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Health Experts and Government Officials Prepare for Avian Flu Outbreak

posted on January 6, 2006


Food allergies have garnered increased attention recently because of their potential to be life-threatening. According to the Food Allergy and Anaphylaxis Network, exposure to food allergens cause between 150 to 200 U.S. deaths annually -- or about twice the amount of confirmed fatalities worldwide, so far, due to Avian Flu. That's not to say bird flu poses a minimal threat to its victims. A Turkish girl whose brother died of bird flu also succumbed to the virus this week. The two teenagers are believed to be the first fatalities outside of Eastern Asia due to bird flu. U.S. officials also are concerned. The National Chicken Council announced this week that its member companies, which produced more than 90 percent of the 9.5 billion chickens in 2005, will test every flock for the virus. While bird flu has been found only in a few countries so far, the U.S. and other countries are preparing for an outbreak of epic proportions.
Health Experts and Government Officials Prepare for Avian Flu Outbreak Even with care being given to isolate and destroy birds, Avian flu continues to bother Asian and some European producers. Both China and Turkey reported more birds were destroyed this week to prevent spread of the disease. Since 2003, more than a hundred million domestic birds have been destroyed in Asia and parts of Europe.

More important than the economic impact to producers is the potential for a human flu pandemic. Most bird flu strains make only poultry and other fowl ill. The strain that has health officials around the world concerned is H5N1. This virus is fatal to birds and has killed more than 70 of the 140 plus human cases that have been reported since 2004. So far, more than 95 percent of those cases have been in eastern Asia.

Researchers at the Centers for Disease Control in the United States have been working on a vaccine to stop the virus. CDC officials are concerned that if a pandemic caused by H5N1 were to occur in the near future there would be no vaccine to combat the virus. Currently, doctors at the CDC are recommending flu shots as a preventative. Though the shots won't stop H5N1 they will prevent infection from more than one strain of the flu.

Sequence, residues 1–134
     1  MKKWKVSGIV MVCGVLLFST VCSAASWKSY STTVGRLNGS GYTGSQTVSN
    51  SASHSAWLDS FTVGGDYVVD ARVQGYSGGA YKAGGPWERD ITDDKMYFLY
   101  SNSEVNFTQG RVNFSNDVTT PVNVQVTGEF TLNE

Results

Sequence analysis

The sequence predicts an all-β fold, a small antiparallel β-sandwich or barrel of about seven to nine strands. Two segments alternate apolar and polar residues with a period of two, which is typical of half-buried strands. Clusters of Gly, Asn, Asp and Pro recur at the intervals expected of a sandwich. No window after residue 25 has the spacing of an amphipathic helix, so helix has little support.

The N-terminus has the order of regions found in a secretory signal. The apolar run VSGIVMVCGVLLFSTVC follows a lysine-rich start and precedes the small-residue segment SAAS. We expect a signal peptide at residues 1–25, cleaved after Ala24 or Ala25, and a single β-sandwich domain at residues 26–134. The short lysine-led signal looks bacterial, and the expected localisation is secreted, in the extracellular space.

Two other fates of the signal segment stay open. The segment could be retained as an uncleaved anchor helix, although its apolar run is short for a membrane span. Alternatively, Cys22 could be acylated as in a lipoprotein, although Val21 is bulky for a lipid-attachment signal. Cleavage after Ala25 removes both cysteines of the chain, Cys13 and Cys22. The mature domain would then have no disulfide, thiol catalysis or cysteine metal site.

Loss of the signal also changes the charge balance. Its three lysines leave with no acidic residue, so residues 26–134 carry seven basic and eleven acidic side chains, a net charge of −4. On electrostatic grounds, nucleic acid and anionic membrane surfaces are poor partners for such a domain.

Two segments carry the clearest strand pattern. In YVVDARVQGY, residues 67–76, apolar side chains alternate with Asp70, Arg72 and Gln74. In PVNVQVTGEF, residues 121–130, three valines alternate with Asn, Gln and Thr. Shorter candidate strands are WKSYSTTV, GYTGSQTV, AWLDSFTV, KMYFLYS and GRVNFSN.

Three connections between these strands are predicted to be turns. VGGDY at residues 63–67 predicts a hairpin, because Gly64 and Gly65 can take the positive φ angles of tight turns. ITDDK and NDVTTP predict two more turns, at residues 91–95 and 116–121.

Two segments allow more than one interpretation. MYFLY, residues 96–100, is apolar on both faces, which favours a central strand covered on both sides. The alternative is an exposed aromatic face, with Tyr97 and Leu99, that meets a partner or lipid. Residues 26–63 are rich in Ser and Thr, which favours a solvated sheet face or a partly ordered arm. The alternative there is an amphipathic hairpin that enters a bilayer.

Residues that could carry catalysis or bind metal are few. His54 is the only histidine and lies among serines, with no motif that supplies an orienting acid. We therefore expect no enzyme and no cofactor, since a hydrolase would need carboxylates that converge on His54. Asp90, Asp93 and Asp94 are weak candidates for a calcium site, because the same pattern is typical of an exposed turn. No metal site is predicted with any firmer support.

For all but a tiny percentage, infection has been caused by contact with infected birds or their feces. The CDC is reporting a limited number of human-to-human cases but the virus has not been strong enough to infect more than one other person. As yet, the H5N1 strain has not mutated to spread in large numbers. This week, CDC officials announced that they have prepared emergency plans to control an outbreak if it occurs. The measures include closing schools and quarantines limited to individual families.

One of the theories for the spread of the virus was through the migration of wild birds. The theory was that birds flying from Asia would carry the flu to other countries. This idea was called into question last week when scientists announced only a limited number of cases had been reported in countries along migration routes. In some instances, no cases of H5N1 were found in wild flocks.

In China, there have been 26 reported human cases of bird flu caused by H5N1 and three deaths. To prevent further spread of the flu the Chinese government has been taking precautions. An effort to inoculate all 5.2 billion birds in the domestic Chinese poultry flock is underway and a vaccine for humans is reported to be almost ready. Last week, the government-controlled press reported Chinese health officials were ready to begin mass production of the vaccine once human trials are completed.

With no other way to control the spread of the disease past destruction of infected birds, the Chinese government is concerned cases of H5N1 will spike in January and February. These months coincide with the Lunar New Year when large numbers of birds are transported from place to place for consumption at various festivals.


Tags: agriculture animals birds diseases influenza news USDA